Austin Miele keeps his pregame routine simple ... there's no slamming his helmet-protected head against a locker, no yelling, no screaming, no chest-bumping.
He only listens to music to get ready to take the football field. His adrenaline-inducing artist of choice? Metallica? Guns N' Roses? Drowning Pool?
"Katy Perry," he said, with a laugh, of the pop-music chanteuse possibly better suited for coffee houses than locker rooms.
"Before the game -- and I get crap about it from everyone -- I listen to Katy Perry to get psyched up. That's the only thing I have to do before I go out ... listen to Katy Perry. And I get a lot of crap for that."
Though he may not be making the money that his popular diva is making, he has been delivering plenty of his own hits. As a safety at Slippery Rock, Miele is the leading tackler for a defense that is headed to the NCAA Division II playoffs.
A 6-foot, 200-pound junior from Middlesex Township, Miele has a team-high 83 tackles in 11 games with 44 solo stops, 8 tackles for losses and 1 interception. His 7.5 tackles per game ranks in the top 20 in the Pennsylvania State Athletic Conference. He also was named first-team All-PSAC West Tuesday.
"He's a safety but in certain defensive personnel groups we actually play him down and he plays like an outside linebacker and that's what we like about him," Rock coach George Mihalik said. "He's big enough, physical enough to be that linebacker and athletic enough to stay at safety. He's kind of a hybrid, he has a little bit of both."
As good as Miele is on defense, he was arguably even better on offense coming out of Mars Area High School.
A fullback in the Planets wing-T offense, Miele was the first back in school history to rush for more than 1,000 yards in three seasons, finishing with a school-record 4,168 yards with 46 touchdowns.
As a senior in 2010 he set a WPIAL playoff record when he rushed for 448 yards on 29 carries in a 52-20 victory against Hollidaysburg. He was just 7 yards shy of the overall single-game mark for rushing yards in a game.
For his efforts, Miele landed a spot on the Post-Gazette's Fabulous 22 team and was a first-team All-Greater Allegheny Conference running back and a second-team selection at linebacker.
Never, however, did he envision his future on defense.
"In high school I honestly wasn't that big of a fan of defense," he said. "Going into my senior year, I knew I had to focus more on defense because the college recruiters were saying I was probably going to be a safety.
"But at first, no, I didn't really like defense. When I was thinking of being a football player, I always thought of running the ball but that opportunity never came in college."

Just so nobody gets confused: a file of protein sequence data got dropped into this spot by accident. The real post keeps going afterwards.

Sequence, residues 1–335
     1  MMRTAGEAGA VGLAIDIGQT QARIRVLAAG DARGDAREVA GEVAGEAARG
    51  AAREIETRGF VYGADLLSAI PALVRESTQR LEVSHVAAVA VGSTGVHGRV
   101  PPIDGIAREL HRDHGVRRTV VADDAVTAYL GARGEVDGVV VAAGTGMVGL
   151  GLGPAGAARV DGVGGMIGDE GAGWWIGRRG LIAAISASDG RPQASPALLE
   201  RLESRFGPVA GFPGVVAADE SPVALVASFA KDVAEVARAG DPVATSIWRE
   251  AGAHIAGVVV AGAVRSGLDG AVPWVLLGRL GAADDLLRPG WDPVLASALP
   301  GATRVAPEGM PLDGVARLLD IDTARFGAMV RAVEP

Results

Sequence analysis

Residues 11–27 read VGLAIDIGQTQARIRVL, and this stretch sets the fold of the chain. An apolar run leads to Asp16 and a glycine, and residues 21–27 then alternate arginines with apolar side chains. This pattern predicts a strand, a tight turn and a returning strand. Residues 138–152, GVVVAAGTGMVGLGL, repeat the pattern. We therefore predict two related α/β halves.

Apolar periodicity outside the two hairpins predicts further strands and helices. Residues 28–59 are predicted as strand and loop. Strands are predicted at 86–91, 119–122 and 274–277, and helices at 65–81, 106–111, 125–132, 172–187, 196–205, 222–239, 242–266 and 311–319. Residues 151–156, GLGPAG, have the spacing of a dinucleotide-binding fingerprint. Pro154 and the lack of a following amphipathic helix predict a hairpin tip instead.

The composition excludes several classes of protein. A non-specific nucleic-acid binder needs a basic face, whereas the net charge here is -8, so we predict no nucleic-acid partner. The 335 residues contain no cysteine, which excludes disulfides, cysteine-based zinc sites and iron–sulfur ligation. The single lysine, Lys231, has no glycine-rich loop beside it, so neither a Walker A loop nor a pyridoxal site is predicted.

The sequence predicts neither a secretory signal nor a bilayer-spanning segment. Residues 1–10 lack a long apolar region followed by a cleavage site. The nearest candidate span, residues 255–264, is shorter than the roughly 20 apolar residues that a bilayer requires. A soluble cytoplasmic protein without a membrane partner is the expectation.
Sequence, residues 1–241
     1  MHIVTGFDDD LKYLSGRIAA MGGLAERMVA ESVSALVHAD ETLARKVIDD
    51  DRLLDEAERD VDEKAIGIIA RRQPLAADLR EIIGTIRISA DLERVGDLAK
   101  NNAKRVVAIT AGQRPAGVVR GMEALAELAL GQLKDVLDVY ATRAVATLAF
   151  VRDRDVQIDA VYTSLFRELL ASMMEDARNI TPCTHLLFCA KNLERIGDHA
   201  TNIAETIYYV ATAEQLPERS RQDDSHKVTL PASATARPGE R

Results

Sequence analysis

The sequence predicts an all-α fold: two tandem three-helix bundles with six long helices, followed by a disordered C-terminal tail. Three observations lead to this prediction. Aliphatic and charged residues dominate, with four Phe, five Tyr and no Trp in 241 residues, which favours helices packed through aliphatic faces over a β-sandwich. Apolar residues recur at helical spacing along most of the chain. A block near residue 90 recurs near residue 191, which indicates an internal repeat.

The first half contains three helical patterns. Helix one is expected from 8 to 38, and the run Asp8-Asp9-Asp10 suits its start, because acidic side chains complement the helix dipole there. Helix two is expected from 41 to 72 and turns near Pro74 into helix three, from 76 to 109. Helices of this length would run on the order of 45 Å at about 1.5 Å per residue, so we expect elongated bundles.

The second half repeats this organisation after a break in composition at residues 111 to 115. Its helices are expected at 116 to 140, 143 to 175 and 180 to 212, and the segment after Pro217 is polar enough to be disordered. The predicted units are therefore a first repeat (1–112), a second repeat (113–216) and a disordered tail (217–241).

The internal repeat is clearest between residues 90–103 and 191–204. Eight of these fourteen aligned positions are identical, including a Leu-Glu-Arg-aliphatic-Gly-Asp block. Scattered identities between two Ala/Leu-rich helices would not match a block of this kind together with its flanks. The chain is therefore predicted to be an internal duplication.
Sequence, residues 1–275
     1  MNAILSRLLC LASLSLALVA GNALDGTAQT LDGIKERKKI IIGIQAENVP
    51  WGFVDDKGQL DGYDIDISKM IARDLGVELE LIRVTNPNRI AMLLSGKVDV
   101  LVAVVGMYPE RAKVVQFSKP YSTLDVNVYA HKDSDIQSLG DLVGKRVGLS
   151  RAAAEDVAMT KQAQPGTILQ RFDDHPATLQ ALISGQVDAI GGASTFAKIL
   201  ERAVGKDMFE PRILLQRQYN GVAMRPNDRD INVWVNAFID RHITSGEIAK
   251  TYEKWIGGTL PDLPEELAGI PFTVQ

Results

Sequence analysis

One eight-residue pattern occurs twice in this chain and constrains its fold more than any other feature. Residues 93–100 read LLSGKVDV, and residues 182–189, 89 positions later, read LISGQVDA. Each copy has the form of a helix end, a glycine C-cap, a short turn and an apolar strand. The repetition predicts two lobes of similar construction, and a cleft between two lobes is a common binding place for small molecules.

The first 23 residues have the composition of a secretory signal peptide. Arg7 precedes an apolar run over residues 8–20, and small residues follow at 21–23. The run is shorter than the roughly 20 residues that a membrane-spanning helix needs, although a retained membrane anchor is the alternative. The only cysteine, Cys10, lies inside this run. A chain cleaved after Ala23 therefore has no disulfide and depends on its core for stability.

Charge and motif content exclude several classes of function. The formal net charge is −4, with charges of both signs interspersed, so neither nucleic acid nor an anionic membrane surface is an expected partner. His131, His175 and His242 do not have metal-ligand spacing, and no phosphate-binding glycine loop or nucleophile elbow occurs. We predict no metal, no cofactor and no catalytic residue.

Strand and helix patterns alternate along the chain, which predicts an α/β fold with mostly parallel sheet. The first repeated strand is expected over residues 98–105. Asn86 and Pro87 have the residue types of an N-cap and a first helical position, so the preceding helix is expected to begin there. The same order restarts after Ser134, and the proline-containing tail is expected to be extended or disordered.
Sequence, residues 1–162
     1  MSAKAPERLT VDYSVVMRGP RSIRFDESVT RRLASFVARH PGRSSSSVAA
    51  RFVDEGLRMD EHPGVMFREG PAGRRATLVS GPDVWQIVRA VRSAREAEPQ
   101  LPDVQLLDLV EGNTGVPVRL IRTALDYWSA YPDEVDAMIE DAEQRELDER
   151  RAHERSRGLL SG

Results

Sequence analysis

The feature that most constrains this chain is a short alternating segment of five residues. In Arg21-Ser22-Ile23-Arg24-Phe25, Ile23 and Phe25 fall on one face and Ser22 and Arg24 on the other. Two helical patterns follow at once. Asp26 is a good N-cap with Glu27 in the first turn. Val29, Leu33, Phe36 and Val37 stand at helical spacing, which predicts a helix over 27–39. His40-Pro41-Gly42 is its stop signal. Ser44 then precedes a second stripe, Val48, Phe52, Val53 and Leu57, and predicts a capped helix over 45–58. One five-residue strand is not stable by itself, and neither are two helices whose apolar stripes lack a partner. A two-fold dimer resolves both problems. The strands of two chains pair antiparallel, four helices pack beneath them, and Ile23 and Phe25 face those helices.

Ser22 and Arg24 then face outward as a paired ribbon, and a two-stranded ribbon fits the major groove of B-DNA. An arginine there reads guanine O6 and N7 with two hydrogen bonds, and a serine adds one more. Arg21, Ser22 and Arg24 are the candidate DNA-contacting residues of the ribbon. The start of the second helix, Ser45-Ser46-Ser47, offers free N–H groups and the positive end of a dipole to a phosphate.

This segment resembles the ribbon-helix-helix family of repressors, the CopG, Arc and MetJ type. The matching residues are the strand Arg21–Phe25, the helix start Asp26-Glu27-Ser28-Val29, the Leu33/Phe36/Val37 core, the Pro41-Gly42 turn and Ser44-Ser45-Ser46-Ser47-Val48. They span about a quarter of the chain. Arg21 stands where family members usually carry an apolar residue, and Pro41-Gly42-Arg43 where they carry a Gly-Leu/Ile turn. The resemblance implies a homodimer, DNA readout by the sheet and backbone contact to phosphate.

Miele initially accepted a full scholarship to play football at Division I-AA Saint Francis and played in 10 games his freshman season. He led the Red Flash with three interceptions and was third in tackles with 77, but decided Loretto, Pa., just wasn't the place for him.
"Football-wise, the program was on the rise. They were definitely turning it around. The school in itself, it had the major [physical therapy] I wanted, but it didn't have the atmosphere, it didn't have the social life, everything that I expected there to be going into college. They gave me a big scholarship so I knew I had to give it a try."
After giving it a try, Miele decided that Slippery Rock was a much better fit and was hoping Mihalik was still interested.
"Definitely," Mihalik said. "We always look for players who can come here and have a great career and we had our eye on Austin. He decided to take a different route but when he called there was never a doubt ... yep, let's get him here."
In his first season at the Rock, Miele played in nine games and finished with 24 tackles and two interceptions. This year, however, he is much more familiar with the defense and knows his role much better.
His experience as a running back, he said, has really helped him to adjust to a relatively new position at strong safety.
"I think it's helped me a lot," Miele said. "They play me at strong safety most of the time here so when I roll down as a safety and they bring me in the box it definitely helps me. It's pretty much like being a running back -- I have to read the hole and see which way they're going to come through so I'm reading the hole as he's reading the hole on the other side and that helps me hit the hole just as hard as he is when he comes through.
"My running back skills have definitely transferred over into being a good safety."
Miele and his Slippery Rock teammates have at least one more game this season.
The Rock won the PSAC West title in the regular season but lost Saturday to Bloomsburg, 42-38, in the PSAC championship game. On Sunday, Slippery Rock received an at-large bid to compete in the Division II tournament, its first invitation since 1999.
Slippery Rock (9-2), the No. 5 seed in the six-team NCAA Super Region 1 field, travels to South Carolina to take on fourth-seeded Winston-Salem State (9-1) in a first-round matchup. Kickoff is 1 p.m.
And Miele's plans for his senior season next year?
"Hopefully we'll have the same success as this year," he said. "We have a lot of young guys in our secondary behind me who are definitely going to push me to get better over the offseason. Our coach says every week that nobody has a set position. Whoever makes plays in practice is going to get playing time.
"As a team, we're losing a lot of seniors so my class is definitely going to have to step up. Hopefully we can mimic the success we had this year."
That would be music to Mihalik's ears.